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To be honest mate, windows is a HD-Space "eater", I would suggest you get a bigger hard drive (that 7Gb will not last long). As for the "Unknown Partition", if ...
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  1. #11
    Linux Newbie danvds3's Avatar
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    Apr 2007
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    To be honest mate, windows is a HD-Space "eater", I would suggest you get a bigger hard drive (that 7Gb will not last long). As for the "Unknown Partition", if you have a modern PC, you will find that there is no "System Restore CD", but instead, its stored on your hard-drive. This caused problems for me, until I created an extended partition! My advice would be to not delete this partition (once deleted, if you ever want to restore your system to it's factory defaults, tough, it's gone. Most PC vendor's will refuse to give you a system restore disc or download, it's gone forever, and you'll have to buy windows XP on CD (which would be a bummer))

  2. #12
    Linux Newbie
    Join Date
    Dec 2004
    Location
    Texas, USA
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    Yes, be careful with the unknown FAT partitions as they are probably system restore partitions and if you erase them you may be SOL in the event you have problems with your Windows partition.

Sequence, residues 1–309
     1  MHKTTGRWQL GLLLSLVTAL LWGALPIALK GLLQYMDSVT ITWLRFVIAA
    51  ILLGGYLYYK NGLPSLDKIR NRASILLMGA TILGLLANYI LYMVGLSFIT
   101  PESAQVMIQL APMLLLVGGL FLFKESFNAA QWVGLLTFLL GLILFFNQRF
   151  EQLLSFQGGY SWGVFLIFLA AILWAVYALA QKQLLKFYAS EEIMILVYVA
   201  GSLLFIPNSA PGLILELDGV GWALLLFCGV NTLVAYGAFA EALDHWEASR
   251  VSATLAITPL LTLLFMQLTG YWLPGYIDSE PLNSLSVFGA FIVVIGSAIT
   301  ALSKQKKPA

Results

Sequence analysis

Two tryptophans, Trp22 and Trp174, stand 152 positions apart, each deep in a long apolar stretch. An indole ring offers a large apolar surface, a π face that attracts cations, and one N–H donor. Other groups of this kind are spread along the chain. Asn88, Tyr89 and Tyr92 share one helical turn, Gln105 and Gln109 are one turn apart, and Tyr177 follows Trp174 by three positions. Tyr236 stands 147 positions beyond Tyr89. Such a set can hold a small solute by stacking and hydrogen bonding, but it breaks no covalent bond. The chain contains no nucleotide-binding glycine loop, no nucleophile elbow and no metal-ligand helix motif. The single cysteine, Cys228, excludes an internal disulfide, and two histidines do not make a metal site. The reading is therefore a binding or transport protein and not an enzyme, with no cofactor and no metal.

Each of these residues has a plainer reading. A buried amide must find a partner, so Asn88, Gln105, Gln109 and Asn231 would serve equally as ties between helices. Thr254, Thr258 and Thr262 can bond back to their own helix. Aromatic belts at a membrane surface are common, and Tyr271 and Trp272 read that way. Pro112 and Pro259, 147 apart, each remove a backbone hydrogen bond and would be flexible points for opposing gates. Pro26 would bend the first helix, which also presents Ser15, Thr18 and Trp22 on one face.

Also, I would have to agree that the three partitions bordered in green are typical linux partitioning schemes. Dual boot is a neat thing to do, but nowadays with live CDs, I recommend this since it is generally a safe bet that nothing will happen to your Windows files. I have resized many Windows partitions with Mandrakes excellent partitioning tool and bootloader (LILO), but why risk it?

    Also, with the cost of a good Plll with 256mb RAM for about $75, I also recommend using a second PC to install Linux and learn by trash 'n splash.

    Hope this helps.....

  3. #13
    Linux User martinfromdublin's Avatar
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    Dec 2004
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    Dublin, Rep. of Ireland
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    That last partition is the emergency restore partition the manufacturer placed on your computer in the factory. The idea is that if XP went belly-up you would hit F11 during boot-up and the desktop/laptop would be reset back to the way it was when you bought it.

    Unfortunately, installing Linux renders this function useless......


    Martin
    LINUX: Where do you want to go.......Tomorrow!

    Registered Linux user 396633

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